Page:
Budapest's Palace of Arts may have taken a grand name for itself but in this case "Palace" is not an overstatement. The dramatic building sits on the banks of the Danube River just on the edge of the city centre. If you were to fill all of its venues at once it would hold the population of a medium size town. It's big, it's brash and according to some it's a burden on Hungarian cultural life because of its great costs. In this report from Sandor Laczko in Budapest we hear how this Palace of Arts introduced Hungarians to the Public-Private Partnership.
“It is too luxurious for us but it is good” – that is how the largest circulation Hungarian broadsheet paper Népszabadság summarised a report by the National Audit Office – a report critical of the final costs of the Palace of Arts. On the positive side, the auditors pointed out that the infrastructure of the building is world class - it received an international real estate development award in 2006 and the number of visitors exceeds projections.”
However, the report states that the overall construction cost is going to be 66.6 billion Forints, some 260 million euros, more than originally planned. The reason is that when the construction was completed in 2004, the government and the private investor, TriGránit Holding, decided to change the original plan and introduce a public-private-partnership. This means that instead of purchasing the building over five years, the state would lease it over 30 years - together with a full maintenance and management service. Smaller annual instalments but a much higher bill overall. András Csonka is the deputy CEO of the Palace of Arts company responsible for organising programs in the institution:
“The fee paid by the government this year is 6.5 billion Forints and we have a budget of 2.4 billion. Everybody in the cultural sphere sees that’s a huge amount and this is why other theatres, concert halls and cultural houses don’t get enough money. But it’s not true. If they think about this in another way that when the Hungarian government decided to create, to develop the Palace of Arts, it has its own expenses, a development fee, this is an investment, this is absolutely something else.”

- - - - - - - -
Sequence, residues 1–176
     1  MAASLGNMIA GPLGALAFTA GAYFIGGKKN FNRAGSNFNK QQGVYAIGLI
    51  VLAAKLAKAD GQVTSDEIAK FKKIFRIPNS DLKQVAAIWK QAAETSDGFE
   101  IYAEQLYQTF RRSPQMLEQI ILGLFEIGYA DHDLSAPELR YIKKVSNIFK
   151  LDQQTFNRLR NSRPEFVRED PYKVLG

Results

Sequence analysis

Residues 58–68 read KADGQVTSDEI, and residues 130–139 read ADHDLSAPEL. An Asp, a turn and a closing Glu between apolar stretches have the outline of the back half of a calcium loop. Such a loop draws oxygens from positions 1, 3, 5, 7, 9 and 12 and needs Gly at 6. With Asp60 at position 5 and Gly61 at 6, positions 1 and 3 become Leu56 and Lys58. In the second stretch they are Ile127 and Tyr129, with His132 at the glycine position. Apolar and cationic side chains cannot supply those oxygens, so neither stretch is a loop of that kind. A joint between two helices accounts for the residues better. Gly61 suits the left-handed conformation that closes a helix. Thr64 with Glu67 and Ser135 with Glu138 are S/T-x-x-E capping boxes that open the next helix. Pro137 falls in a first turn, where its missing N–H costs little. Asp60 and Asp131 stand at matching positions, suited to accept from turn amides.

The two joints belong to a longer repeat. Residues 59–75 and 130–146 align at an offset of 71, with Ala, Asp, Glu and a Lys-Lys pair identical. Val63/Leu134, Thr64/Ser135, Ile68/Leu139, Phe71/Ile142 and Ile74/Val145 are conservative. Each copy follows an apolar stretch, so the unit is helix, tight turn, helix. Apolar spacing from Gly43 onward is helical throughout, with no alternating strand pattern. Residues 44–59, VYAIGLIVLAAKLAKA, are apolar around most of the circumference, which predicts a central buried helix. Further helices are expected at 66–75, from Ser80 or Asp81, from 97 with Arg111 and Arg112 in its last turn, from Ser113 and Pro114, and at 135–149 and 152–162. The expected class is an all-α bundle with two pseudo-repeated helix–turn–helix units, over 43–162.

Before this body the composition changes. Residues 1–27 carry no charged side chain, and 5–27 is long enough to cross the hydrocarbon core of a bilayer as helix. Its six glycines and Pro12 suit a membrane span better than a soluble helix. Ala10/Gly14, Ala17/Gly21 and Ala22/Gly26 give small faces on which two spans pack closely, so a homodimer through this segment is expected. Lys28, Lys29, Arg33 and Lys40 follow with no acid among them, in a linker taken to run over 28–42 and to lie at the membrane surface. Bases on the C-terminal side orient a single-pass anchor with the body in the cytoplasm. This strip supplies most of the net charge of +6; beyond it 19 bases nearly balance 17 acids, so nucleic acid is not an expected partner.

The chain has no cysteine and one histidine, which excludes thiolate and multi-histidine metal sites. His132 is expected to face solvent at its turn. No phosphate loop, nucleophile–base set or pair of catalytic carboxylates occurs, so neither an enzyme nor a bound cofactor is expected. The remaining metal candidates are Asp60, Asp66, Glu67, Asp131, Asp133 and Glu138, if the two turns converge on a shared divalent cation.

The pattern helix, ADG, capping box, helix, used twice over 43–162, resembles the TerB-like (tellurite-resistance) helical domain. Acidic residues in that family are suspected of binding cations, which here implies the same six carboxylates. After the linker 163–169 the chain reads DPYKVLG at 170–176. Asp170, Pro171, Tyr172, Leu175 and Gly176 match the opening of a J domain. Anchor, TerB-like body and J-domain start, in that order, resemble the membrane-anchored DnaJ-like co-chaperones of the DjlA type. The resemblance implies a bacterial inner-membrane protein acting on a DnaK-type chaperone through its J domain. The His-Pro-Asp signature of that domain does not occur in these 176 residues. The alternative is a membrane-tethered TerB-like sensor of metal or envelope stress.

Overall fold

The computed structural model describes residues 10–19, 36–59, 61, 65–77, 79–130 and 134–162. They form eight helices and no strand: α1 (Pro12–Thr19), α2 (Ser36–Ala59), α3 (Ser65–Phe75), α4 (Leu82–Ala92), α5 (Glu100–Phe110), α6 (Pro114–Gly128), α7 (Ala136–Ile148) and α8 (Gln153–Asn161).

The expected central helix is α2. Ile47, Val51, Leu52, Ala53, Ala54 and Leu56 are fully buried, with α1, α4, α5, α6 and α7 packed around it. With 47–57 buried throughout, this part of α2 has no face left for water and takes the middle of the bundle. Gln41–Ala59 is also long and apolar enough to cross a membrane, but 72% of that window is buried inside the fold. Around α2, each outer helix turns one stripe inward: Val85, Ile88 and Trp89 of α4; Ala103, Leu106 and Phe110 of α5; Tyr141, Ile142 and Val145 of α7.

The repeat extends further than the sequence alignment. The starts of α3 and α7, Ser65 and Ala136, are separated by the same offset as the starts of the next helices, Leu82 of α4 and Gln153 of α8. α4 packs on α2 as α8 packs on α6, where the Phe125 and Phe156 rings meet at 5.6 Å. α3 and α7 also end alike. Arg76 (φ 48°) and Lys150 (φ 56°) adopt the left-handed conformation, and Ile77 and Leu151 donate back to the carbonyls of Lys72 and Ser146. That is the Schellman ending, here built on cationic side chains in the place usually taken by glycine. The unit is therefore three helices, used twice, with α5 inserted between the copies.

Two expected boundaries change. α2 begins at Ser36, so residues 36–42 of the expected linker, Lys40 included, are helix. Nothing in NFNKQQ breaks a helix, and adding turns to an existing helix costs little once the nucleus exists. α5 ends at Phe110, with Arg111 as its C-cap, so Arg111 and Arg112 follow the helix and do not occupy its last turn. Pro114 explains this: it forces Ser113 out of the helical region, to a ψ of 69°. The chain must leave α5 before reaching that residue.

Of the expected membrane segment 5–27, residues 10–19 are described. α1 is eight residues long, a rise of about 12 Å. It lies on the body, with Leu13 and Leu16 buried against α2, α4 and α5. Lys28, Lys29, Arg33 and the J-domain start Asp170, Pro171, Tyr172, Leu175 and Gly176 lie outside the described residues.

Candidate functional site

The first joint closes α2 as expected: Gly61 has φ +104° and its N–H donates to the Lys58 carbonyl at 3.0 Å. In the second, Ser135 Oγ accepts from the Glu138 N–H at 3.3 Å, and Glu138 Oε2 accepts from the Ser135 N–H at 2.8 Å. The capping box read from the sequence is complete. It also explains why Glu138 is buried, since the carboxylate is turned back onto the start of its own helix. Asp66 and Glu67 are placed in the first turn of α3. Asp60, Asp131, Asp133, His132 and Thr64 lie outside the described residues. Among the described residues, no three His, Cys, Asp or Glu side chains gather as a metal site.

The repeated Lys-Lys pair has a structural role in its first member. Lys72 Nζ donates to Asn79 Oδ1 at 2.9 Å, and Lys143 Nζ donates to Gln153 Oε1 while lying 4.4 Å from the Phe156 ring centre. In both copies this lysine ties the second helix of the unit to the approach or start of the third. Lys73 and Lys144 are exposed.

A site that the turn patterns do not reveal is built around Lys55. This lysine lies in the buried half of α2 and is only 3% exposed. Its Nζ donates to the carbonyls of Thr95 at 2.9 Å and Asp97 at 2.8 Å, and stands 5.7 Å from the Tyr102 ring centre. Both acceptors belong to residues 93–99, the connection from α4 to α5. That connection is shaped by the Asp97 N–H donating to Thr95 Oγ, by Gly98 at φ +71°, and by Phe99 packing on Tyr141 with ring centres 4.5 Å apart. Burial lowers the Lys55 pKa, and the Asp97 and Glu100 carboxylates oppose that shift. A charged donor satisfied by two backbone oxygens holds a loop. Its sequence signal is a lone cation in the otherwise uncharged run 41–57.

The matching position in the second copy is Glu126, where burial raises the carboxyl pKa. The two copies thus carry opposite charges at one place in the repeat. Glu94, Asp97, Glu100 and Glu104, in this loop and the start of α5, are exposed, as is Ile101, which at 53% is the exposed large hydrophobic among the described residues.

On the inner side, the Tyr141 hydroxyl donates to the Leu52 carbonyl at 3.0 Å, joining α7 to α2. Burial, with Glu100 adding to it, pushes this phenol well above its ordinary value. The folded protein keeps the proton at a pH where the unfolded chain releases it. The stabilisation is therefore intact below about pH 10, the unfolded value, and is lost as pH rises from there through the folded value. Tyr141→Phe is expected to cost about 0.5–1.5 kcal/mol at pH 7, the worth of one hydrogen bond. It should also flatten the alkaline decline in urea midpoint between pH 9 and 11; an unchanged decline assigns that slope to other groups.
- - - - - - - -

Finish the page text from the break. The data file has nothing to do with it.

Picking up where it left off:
This view that the quantity of funds going to the Palace of Arts does not cut into resources for other cultural programmes in Hungary is not shared by many. Cultural analyst Marcell Sebők:
“The outcome of this investment is, I think, rather disadvantageous for the short and the long run, as well. The main problem is that there is a huge burden on the budget of the Cultural Ministry, a 30-year commitment. For the sake of comparison, if we consider that the National Cultural Fund has more or less the same amount of money annually, it’s a rather disadvantageous construction.”
The analyst believes that even if you take only the amount given to the Palace of Arts for organising events, this is also disproportionately high.
“It’s a state-sponsored institution. Of course, they have a big variety of programmes from the children programmes to the so-called high cultural events. A big problem is that there is no sign of having a strategy and a vision how to spend this huge amount of money. It is a mixture of valuable and very questionable projects, I think, and the problem is the size and quantity of this money is much bigger as opposed to other institutions. There is no chance for a real competition. It’s a luxurious way of spending money, instead of financing projects, financing programs, via visible and transparent application procedures.”
The Palace of Arts is Hungary’s first Private-Public-Partnership for a cultural project and this form of funding has not proven popular with the public. But economists argue this option should not be disregarded when planning future projects. They believe that if market rationality is a priority - instead of political considerations, as happened in the Palace of Arts project, the format does have a future – even in cultural projects.
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